Joe Foglia was nice of enough to invite me on set of ABC’s Castle recentlyto see how he mixes the show. Now entering its third season, Castle has evolved into a blend of beautifully shot gruesome murders with a smart sense of humor. Nathan Fillion plays Richard Castle, a charming, mystery author alongside Kate Beckett, a bright and aggressive New York detective played by Stana Katic. Together, they use each other’s strengths to solve odd and off beat cases assigned to Beckett. All the while Castle is a divorced father raising a teenaged daughter and dealing with his melodramatic mother.
When I first met Joe, he had a calm, laid back demeanor about him. Kinda like he’s been working in the industry for over 20 years (he has). But it wasn’t the years of experience or the Emmy nominations and wins that let him walk with a nonchalant attitude. It was the people who were around him that made him so confident. His boom-op, Kevin Santy has been with him forever. Joe actually worked with Kevin’s wife, Tanya Peel, for six years before he started booming for Joe. And his utility, a 2nd generation LA native, Anna Wilborn. Joe completely trusts his crew to cover for each other and when a decision is needed to be made, he’s there. As I watched throughout the day, together, the three of them made a very fluid and remarkable team.
Foglia was pretty much a self-taught sound mixer. He always had a dream of owning a recoding studio or a radio station one day. Growing up, he had a friend with a mixer, a girlfriend who was a singer and he owned a recorder. It was back in the day when Tascam came out with their MX10 mixing console that Joe really started fooling around more with sound and collecting microphones.
He started his sound career out of Florida, working on shows like Miami Vice and 21 Jump Street. When incentive programs came about for cities in 1998 or so a lot of the work went away to Canada and other US cities. Foglia ventured his way into commercials but because of his child, he thought about changing careers. It wasn’t until he got a call out of the blue and was asked to come out to California to shoot a show called Go Fish that changed everything. He convinced Kevin and Tanya to come out to work with him. The show only lasted six episodes, but the UPM liked Joe and his crew. So he took Joe over to this old, abandoned hospital in Burbank to ask him to work on a single-camera comedy pilot — Scrubs. The show was picked up and they worked on it for 9 seasons. During its run, Tanya left, and through a suggestion from John Coffey, Joe hired Anna as their new utility, and has been working with her ever since.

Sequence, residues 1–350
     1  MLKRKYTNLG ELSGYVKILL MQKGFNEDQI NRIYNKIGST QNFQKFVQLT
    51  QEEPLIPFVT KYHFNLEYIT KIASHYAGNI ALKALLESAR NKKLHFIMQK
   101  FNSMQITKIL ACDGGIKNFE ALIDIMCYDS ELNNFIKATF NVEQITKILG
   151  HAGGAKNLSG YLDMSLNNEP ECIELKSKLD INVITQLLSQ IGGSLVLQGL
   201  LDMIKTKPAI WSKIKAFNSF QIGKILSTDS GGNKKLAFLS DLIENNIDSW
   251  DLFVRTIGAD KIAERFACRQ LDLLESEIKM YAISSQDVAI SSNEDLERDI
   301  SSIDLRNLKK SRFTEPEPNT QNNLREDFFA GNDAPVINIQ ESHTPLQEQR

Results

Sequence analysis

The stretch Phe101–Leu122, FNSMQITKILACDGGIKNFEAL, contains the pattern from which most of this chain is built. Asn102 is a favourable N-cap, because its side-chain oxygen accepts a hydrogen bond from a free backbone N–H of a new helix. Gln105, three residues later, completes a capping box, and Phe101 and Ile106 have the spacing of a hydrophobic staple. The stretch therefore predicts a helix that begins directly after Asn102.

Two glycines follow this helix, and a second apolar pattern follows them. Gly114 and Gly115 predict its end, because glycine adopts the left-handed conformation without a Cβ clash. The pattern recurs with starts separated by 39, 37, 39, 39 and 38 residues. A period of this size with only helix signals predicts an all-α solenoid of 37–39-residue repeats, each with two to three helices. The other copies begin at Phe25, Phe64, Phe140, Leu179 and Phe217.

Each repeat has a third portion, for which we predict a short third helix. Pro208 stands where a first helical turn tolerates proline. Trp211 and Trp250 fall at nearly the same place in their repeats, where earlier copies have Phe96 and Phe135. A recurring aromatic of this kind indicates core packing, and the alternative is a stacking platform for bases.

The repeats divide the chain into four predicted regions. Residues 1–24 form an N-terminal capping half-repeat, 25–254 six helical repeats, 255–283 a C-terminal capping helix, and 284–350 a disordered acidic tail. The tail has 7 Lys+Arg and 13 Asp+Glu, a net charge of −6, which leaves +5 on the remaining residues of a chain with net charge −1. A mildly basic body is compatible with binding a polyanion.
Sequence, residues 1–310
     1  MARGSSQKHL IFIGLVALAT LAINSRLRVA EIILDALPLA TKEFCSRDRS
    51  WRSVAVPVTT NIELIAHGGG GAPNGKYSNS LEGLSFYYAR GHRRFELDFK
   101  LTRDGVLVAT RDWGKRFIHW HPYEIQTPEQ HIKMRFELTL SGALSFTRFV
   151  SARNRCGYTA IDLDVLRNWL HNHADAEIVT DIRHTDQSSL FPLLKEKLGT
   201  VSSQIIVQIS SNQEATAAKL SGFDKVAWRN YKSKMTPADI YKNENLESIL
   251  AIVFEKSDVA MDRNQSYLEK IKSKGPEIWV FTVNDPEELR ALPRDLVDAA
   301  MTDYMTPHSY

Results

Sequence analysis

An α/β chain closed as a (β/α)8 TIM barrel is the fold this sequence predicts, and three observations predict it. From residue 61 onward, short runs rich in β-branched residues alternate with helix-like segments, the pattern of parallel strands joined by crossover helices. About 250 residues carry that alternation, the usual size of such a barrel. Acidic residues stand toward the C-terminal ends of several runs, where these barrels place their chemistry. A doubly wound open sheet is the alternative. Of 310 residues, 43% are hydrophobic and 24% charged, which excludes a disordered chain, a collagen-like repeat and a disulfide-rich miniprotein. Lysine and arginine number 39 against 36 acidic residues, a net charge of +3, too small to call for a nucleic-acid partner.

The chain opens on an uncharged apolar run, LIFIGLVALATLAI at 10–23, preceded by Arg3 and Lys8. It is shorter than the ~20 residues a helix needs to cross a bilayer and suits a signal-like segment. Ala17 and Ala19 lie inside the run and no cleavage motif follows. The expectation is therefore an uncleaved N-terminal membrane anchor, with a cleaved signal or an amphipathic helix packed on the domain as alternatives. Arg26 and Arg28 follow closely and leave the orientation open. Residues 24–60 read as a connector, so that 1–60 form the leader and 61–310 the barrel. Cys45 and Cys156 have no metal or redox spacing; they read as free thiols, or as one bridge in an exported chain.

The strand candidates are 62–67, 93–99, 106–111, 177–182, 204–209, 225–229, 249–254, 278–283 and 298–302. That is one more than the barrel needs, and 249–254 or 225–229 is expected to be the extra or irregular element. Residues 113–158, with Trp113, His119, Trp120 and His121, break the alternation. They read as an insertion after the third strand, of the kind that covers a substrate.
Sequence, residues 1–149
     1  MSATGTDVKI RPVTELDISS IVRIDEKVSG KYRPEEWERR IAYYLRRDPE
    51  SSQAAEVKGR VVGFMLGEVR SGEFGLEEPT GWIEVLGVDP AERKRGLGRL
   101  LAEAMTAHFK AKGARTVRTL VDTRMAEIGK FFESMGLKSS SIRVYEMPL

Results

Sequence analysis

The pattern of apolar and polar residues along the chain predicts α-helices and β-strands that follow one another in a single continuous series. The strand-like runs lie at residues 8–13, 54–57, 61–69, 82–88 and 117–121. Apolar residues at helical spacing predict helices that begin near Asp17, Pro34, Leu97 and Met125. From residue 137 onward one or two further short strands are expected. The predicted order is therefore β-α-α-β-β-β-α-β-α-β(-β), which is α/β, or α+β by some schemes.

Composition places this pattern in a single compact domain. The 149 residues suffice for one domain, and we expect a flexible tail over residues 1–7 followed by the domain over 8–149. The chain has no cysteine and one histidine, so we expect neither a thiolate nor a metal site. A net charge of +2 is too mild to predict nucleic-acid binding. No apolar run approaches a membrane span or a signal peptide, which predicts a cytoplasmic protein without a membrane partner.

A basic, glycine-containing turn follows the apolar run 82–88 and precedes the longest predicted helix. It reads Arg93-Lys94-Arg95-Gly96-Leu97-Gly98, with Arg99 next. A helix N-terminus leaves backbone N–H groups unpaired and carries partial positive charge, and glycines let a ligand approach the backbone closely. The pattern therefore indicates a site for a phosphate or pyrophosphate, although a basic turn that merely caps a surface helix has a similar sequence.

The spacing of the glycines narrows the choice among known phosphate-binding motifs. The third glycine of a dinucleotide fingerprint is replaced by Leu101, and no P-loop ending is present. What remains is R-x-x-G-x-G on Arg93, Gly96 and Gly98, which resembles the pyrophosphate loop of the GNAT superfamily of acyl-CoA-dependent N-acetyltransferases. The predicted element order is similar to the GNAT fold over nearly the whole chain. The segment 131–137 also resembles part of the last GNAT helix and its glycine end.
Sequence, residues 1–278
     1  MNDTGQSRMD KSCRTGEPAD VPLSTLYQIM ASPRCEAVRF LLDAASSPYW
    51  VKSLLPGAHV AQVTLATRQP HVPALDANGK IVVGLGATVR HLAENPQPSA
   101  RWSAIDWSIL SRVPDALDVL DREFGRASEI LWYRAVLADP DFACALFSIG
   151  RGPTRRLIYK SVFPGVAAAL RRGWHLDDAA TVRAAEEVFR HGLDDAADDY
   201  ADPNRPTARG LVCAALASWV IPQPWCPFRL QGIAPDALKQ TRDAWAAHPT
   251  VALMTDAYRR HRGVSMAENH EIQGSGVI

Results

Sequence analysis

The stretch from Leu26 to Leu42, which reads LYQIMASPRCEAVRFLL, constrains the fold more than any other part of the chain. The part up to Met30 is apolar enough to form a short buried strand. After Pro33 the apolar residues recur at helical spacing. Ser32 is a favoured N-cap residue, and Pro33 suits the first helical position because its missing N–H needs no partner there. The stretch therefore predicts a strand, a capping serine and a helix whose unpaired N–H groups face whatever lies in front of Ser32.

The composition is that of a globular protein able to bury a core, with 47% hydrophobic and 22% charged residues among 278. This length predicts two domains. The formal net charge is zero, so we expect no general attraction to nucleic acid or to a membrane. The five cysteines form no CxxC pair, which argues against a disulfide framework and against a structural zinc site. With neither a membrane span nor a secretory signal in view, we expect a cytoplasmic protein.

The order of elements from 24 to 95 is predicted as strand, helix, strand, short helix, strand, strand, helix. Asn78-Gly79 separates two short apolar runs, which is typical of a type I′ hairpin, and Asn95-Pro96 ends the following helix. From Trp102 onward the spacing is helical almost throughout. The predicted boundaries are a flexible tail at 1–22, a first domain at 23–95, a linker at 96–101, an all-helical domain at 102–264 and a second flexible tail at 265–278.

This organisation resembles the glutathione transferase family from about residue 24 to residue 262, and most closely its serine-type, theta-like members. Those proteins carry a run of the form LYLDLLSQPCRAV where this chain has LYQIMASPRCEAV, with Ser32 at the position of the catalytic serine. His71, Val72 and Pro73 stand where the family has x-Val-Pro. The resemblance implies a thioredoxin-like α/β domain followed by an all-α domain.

Joe prides himself on being the first of firsts with gear. It’s not only his job, but sound is his hobby. He loves it. He enjoys figuring out new tricks and tweaks to his cart which was his own creation and only runs on 12 volts of power. For Castle, Foglia’s gear is no less than top of the line. He uses a combination of a Zaxcom Deva 5.8, a Sonosax ST8D Mixer and a Sound Devices 788T. Since Joe has the ability to do post and pre fader on his mixer, he records his production mix on track one. Editorial only wants to deal with one track and 99% percent of the time, you’ll hear Joe’s mix on TV. His second track is pre fader, so it’s always recording the boom which allows the post mixer to pull anything they might need. This also gives him plenty of room for his Lectrosonics wireless system which he’s never had to go over six tracks of wireless on set. His mixer is digital and records directly into the Deva. The Deva is then looped to the Sound Devices 788T, which is a direct mirror copy of the Deva.
Foglia learned all his technical chops for RF during his golf days. Covering 9 holes, the guys he worked with really taught him wireless. He learned a lot about dry-pair and all kind of things, which means a lot when bringing RF frequency to the film and TV industry. He built an antenna farm with a combination of antennas over the years that is technically correct and has no RF interference. “It’s about understanding RF and how it works so they don’t cancel each other out,” says Joe.
Since Castle has a minimum of 12 hour work days, Joe works on a “hate me now or hate me now or hate me later system.” When you have the time to get it done right, you can hate me now for asking someone to put screws in the ground to minimize noise or you can hate me later in post when the producers are wondering why he didn’t put screws in the ground to cover up the noise. Foglia prefers the hate me now method, but on rare occasions, he has to go with the hate me later.